On October 25th, ShanghaiTech Distinguished Professor-in-Residence Rao Zihe and his team’s research on “An electron transfer path connects subunits of a mycobacterial respiratory supercomplex” was published online in Science journal.
On the strength of cryo-electron microscopy (cryo-EM) with high resolution (3.5 ) structure of mycobacterial respiratory supercomplex, the team revealed a new electron transfer mechanism coupling quinone oxidation with oxygen reduction. Furthermore, they discovered that superoxide dismutase (SOD) are directly involved in the assembly of the supercomplex and work in concert. These new findings have laid a solid groundwork for new drug R&D targeting tuberculosis, which poses grave threats on human health.
The 3.5- resolution cryo-EM structure of mycobacterial respiratory supercomplex CIII2CIV2SOD2
Respiration is one of the most basic energy metabolisms in life, and helps energy transform substances (e.g., sugar, amino acid and fatty acid) into adenosine triphosphate (ATP) that could be immediately consumed by the living body. It is run mainly by five large transmembrane complexes on the microbial cytoplasmic membrane or the inner mitochondrial membrane: complex I (NADH dehydrogenase), complex II (succinate dehydrogenase), complex III (quinone: cytochrome c oxidordeuctase), complex IV (cytochrome c oxidase) and complex V (ATP synthase), together with two carriers for electron transfer, quinone and cytochrome c, therefore called the respiratory chain. Electron transfers inside and between the complexes I-IV through cascading with redox reaction, thus forming an electron transfer chain, coupling which the transmembrane proton gradient is created to drive ATP synthesis by complex V. Previous studies have shown that respiratory chain components could be further assembled into supercomplexes to promote tandem reaction among them. This is of great significance in the regulation of energy metabolic efficiency and various physiological processes. The disorder in supercomplex assembly would be closely related to the occurrence of diseases in higher animals; when interrupted in microorganisms, it would be an important strategy for developing new drugs to inhibit their growth and infection.
Respiratory chain of Actinobacteria, a phylum containing Mycobacteria
“It is common for the assembly of complex III and complex IV to form a supercomplex, which is particularly important in energy production for Actinobacteria, a phylum containing Mycobacterium tuberculosis and multiple pathogenic bacteria,” said Professor Rao. “There were no extensive and direct interactions between complex III and complex IV in the previous reported structures including mammalian respiratory supercomplex I1III2IV1. Meanwhile, the cytochrome c protein in mitochondria exists in free soluble form to mediate electron transfer between complex III and complex IV. So, it is still questionable on whether it shuttles inside the supercomplex or across multiple supercomplexes. In this research, we revealed the whole electron transfer path from complex III to complex IV and the tandem reaction mechanism for the two complexes. Such a revelation answers one of the widely concerned scientific questions that has long been unresolved in the respiratory field, following our first report of the crystal structure of the eukaryotic mitochondrial complex II in Cell in 2005.”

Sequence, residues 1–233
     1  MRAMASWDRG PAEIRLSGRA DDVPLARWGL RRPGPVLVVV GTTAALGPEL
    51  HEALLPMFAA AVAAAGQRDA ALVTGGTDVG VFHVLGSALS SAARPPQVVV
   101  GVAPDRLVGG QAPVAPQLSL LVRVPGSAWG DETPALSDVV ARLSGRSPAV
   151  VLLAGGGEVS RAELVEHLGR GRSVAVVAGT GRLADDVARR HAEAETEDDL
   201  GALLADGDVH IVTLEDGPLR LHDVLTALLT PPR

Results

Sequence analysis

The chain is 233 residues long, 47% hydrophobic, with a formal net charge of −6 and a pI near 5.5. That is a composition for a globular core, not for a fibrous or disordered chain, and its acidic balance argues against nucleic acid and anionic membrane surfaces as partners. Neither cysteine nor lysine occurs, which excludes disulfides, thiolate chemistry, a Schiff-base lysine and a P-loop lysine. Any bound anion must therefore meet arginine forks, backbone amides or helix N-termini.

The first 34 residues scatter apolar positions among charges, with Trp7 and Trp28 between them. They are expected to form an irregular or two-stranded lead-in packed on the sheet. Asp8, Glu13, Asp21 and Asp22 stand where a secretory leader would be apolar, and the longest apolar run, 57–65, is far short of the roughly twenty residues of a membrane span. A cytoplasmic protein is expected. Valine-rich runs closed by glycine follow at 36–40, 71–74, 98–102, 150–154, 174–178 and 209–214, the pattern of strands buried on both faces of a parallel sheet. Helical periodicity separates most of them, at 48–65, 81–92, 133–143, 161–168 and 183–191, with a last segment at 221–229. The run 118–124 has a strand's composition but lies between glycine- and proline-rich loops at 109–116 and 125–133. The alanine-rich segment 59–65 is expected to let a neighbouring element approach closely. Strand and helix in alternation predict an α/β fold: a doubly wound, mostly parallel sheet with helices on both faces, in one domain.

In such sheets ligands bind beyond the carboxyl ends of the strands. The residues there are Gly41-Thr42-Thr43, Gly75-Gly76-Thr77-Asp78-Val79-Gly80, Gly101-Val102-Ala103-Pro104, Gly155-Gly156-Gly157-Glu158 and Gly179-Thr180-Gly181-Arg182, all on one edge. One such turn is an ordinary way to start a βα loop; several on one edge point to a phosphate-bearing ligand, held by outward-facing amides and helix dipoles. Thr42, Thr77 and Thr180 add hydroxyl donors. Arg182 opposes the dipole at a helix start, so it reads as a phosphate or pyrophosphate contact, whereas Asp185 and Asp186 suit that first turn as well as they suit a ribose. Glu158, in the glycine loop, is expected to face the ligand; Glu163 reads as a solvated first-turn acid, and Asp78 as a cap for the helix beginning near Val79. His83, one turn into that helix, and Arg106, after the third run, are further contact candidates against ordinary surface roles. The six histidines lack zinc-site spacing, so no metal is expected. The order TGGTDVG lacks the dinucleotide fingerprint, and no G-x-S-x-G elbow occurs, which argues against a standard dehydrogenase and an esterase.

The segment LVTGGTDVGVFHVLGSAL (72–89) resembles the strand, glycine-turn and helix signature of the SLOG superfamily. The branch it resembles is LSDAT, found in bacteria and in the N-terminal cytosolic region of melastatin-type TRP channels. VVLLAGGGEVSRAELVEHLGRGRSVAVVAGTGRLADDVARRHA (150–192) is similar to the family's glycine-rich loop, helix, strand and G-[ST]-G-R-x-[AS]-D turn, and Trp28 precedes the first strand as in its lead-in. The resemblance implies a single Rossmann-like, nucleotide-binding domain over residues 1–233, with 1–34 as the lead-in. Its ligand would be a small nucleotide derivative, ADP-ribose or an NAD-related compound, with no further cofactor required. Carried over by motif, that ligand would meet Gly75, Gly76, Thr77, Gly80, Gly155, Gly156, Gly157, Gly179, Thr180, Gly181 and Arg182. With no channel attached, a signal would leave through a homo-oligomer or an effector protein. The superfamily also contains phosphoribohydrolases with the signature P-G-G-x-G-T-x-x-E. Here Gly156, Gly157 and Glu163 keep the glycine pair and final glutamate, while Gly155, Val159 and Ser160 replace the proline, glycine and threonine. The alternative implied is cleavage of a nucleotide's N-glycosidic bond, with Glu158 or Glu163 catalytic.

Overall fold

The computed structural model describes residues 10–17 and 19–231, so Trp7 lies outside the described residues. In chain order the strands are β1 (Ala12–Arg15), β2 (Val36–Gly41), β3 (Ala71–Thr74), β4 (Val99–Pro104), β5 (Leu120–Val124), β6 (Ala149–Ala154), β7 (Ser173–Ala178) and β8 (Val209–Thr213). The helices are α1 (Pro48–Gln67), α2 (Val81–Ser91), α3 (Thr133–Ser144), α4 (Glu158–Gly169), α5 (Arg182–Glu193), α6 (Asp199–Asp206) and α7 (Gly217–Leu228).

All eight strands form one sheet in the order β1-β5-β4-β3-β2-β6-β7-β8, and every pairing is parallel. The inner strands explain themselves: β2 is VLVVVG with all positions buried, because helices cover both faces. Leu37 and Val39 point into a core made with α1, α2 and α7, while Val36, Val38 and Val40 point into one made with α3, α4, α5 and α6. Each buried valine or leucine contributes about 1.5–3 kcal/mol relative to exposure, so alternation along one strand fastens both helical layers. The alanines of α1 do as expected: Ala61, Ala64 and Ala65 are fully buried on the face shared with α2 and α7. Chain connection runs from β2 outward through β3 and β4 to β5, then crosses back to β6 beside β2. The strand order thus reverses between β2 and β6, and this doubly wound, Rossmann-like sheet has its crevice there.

As explained by Gong Hongri and Xu Ao, doctoral students of Nankai University and co-first authors of this article, this research finding came from years of preparation and technical accumulation in the study of Mycobacterium tuberculosis by the team. Their close cooperation runs from the purification and optimization of samples to activity validation, from preparation of cryo-EM samples to improvement of data processing methods and eventually to the resolution of near-atomic resolution structural model. Such cooperation coupled with harmonized efforts in multiple biochemical and biophysical methods, such as lipidomics analysis, atomic absorption spectrometry and electron paramagnetic resonance test, empowered the researchers to gain comprehensive intimate knowledge of the whole electron transfer path inside this particular supercomplex.